Some 30 years later when visiting Ravel’s home outside Paris , I had the opportunity to play his piano, and after only a few moments understood the puzzling “no pedal” request. Composers usually write for the conditions at hand. In his case, the piano was a Bechstein grand, and the room in which he wrote was small — about 12 by 24 feet. The sound was so excessively sonorous that no pedal was needed and, indeed, would have been detrimental. So the acoustics in Ravel’s room were the culprit responsible for the “dry fountain.”
In New York in the summer of 1957, I recorded Moussorgsky’s “Pictures at an Exhibition,” his major work for piano. Several days after finishing, I went to the studio to listen to the different takes. I happened to choose the ones for the final recording on a Friday. Returning to the studio on Monday I was shocked at what I heard. Everything sounded lifeless and heavy — too slow. I know we hear things differently on different days, but this was too much.
I asked the crew if they had heard the difference. To my relief, they had. They were as perplexed as I until one of the engineers cried out, “I know what the problem is — the air conditioner was turned off over the weekend and the speakers have been badly affected by the room’s heat and humidity.” There was no point in listening any further until the air conditioner could dry everything out. We enjoyed a purposefully long lunch before returning to the studio and to the tapes. As if by magic, the Friday performances were back! Shortly afterward, I was told that the air conditioners would have no more weekends off.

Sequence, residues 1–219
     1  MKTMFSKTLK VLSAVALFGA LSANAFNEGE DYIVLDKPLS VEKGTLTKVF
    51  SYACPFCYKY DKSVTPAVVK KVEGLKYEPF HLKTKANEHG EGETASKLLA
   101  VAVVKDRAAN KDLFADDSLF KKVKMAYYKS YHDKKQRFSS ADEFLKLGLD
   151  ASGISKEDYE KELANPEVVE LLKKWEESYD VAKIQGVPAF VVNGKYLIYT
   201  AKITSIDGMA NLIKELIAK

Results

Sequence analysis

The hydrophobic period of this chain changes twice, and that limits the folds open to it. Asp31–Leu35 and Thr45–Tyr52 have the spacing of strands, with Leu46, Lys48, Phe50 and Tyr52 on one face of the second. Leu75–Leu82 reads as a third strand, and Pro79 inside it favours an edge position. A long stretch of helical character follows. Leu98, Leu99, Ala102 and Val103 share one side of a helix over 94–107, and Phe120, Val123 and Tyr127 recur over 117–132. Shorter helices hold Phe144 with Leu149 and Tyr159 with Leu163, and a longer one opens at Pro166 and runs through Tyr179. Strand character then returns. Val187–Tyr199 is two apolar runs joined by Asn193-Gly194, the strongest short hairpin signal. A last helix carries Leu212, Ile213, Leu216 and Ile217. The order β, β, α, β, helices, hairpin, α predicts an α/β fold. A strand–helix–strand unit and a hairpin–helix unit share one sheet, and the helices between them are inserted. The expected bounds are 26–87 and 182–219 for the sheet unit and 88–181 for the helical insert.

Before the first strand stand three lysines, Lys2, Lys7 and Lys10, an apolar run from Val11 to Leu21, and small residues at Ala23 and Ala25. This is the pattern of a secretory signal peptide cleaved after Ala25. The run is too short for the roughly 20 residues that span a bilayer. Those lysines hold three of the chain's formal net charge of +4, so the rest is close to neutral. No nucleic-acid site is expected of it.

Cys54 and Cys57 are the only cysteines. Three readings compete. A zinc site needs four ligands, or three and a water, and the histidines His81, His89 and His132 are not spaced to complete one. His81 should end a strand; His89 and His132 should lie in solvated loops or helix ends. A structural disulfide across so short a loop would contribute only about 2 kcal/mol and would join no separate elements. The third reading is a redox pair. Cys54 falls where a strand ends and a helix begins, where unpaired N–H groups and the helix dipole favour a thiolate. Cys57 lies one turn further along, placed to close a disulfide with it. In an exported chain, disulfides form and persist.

These are but a few examples of how capricious acoustics can be. And when we realize that even fur coats can affect the sound in a hall, you can see just how capricious.
So the next time you complain about the sound in a concert hall, pity the poor performers. Before a recital we must position the piano based on the acoustics of an empty hall, not a filled one. Hopefully, we make the right choice — no changing of seats for us!
Reproduced with permission of the Wall Street Journal